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Wichingtolm History, Family Crest & Coats of Arms



The name Wichingtolm was brought to England by the Normans when they conquered the country in 1066. The ancestors of the Wichingtolm family lived in Lancashire, at Washington. The name of this village derives from the Old English word wassingatun, meaning a settlement of the people of Wassa, a personal name which combines Old English elements meaning hunt and victory.

Early Origins of the Wichingtolm family


The surname Wichingtolm was first found in Durham at Washington, a parish, in the union of Chesterle-Street, E. division of Chester ward. It is said that from this parish rose the stock that George Washington, the American patriot claims descent. [1]CITATION[CLOSE]
Lowe, Mark Anthony, Patronymica Britannica, A Dictionary of Family Names of the United Kingdom. London: John Russel Smith, 1860. Print.
[2]CITATION[CLOSE]
Lewis, Samuel, A Topographical Dictionary of England. Institute of Historical Research, 1848, Print.
There is another parish named Washington in Sussex.

Early History of the Wichingtolm family


This web page shows only a small excerpt of our Wichingtolm research.
Another 239 words (17 lines of text) covering the years 1602, 1653, 1631, 1677, 1659, 1698, 1694 and 1743 are included under the topic Early Wichingtolm History in all our PDF Extended History products and printed products wherever possible.

Wichingtolm Spelling Variations


It is only in the last few hundred years that the English language has been standardized. For that reason, Anglo-Norman surnames like Wichingtolm are characterized by many spelling variations. Scribes and monks in the Middle Ages spelled names they sounded, so it is common to find several variations that refer to a single person. As the English language changed and incorporated elements of other European languages such as Norman French and Latin, even literate people regularly changed the spelling of their names. The variations of the name Wichingtolm include Washington, Washingtone and others.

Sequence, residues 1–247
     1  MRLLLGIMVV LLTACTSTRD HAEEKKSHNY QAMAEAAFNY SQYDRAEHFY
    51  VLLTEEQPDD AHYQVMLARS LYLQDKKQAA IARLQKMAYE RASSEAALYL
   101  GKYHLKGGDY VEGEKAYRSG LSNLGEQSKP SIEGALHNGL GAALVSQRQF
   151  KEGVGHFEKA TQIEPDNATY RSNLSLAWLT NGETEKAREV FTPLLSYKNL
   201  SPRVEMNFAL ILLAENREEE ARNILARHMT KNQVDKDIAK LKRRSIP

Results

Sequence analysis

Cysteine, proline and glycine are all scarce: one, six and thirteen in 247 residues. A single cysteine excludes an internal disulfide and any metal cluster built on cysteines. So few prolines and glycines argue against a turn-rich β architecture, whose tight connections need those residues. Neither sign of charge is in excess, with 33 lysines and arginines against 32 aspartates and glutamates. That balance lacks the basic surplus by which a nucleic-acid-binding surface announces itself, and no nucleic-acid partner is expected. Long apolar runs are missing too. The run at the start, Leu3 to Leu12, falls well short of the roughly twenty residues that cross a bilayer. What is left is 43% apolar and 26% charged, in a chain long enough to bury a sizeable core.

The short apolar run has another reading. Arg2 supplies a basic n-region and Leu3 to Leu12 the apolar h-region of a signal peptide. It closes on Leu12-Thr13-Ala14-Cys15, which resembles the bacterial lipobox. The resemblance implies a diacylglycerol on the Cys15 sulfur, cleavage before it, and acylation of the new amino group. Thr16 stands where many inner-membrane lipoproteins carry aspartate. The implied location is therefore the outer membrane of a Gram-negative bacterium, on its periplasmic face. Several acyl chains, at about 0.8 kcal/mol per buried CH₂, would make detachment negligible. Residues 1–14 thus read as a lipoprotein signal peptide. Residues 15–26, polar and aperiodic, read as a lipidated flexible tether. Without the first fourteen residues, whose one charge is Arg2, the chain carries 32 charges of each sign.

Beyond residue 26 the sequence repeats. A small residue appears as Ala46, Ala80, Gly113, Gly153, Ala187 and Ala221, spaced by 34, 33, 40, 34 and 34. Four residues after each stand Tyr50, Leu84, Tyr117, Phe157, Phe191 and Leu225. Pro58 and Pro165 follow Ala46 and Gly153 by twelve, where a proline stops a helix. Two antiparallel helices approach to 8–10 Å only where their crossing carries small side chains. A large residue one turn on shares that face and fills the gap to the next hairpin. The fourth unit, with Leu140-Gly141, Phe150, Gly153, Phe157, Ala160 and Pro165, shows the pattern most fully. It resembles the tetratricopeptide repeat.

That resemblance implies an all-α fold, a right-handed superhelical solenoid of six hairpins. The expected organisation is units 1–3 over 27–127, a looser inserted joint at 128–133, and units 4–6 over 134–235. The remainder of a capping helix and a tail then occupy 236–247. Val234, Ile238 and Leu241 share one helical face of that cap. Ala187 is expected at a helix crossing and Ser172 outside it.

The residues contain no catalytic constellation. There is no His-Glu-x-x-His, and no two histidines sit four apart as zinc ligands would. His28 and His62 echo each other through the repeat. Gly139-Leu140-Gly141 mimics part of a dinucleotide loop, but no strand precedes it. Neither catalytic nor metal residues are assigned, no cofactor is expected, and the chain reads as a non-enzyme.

Early Notables of the Wichingtolm family (pre 1700)


Outstanding amongst the family at this time was Reverend Lawrence Washington (1602-1653), an English rector, and the great-great-grandfather of George Washington; John Washington (c. 1631-1677), an English Virginia planter and politician from Purleigh, Essex, ancestor and great-grandfather of George Washington, first president of the United...
Another 45 words (3 lines of text) are included under the topic Early Wichingtolm Notables in all our PDF Extended History products and printed products wherever possible.

Migration of the Wichingtolm family to Ireland


Some of the Wichingtolm family moved to Ireland, but this topic is not covered in this excerpt. More information about their life in Ireland is included in all our PDF Extended History products and printed products wherever possible.

Migration of the Wichingtolm family to the New World and Oceana


Faced with the chaos present in England at that time, many English families looked towards the open frontiers of the New World with its opportunities to escape oppression and starvation. People migrated to North America, as well as Australia and Ireland in droves, paying exorbitant rates for passages in cramped, unsafe ships. Many of the settlers did not make the long passage alive, but those who did see the shores of North America were welcomed with great opportunity. Many of the families that came from England went on to make essential contributions to the emerging nations of Canada and the United States. Some of the first immigrants to cross the Atlantic and come to North America carried the name Wichingtolm, or a variant listed above: Richard Washington settled in Virginia in 1639; John and Lawrence Washington settled in Boston, Massachusetts in 1657; Thomas Washington settled in Barbados in 1670.

Wichingtolm Family Crest Products



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Citations


  1. ^ Lowe, Mark Anthony, Patronymica Britannica, A Dictionary of Family Names of the United Kingdom. London: John Russel Smith, 1860. Print.
  2. ^ Lewis, Samuel, A Topographical Dictionary of England. Institute of Historical Research, 1848, Print.

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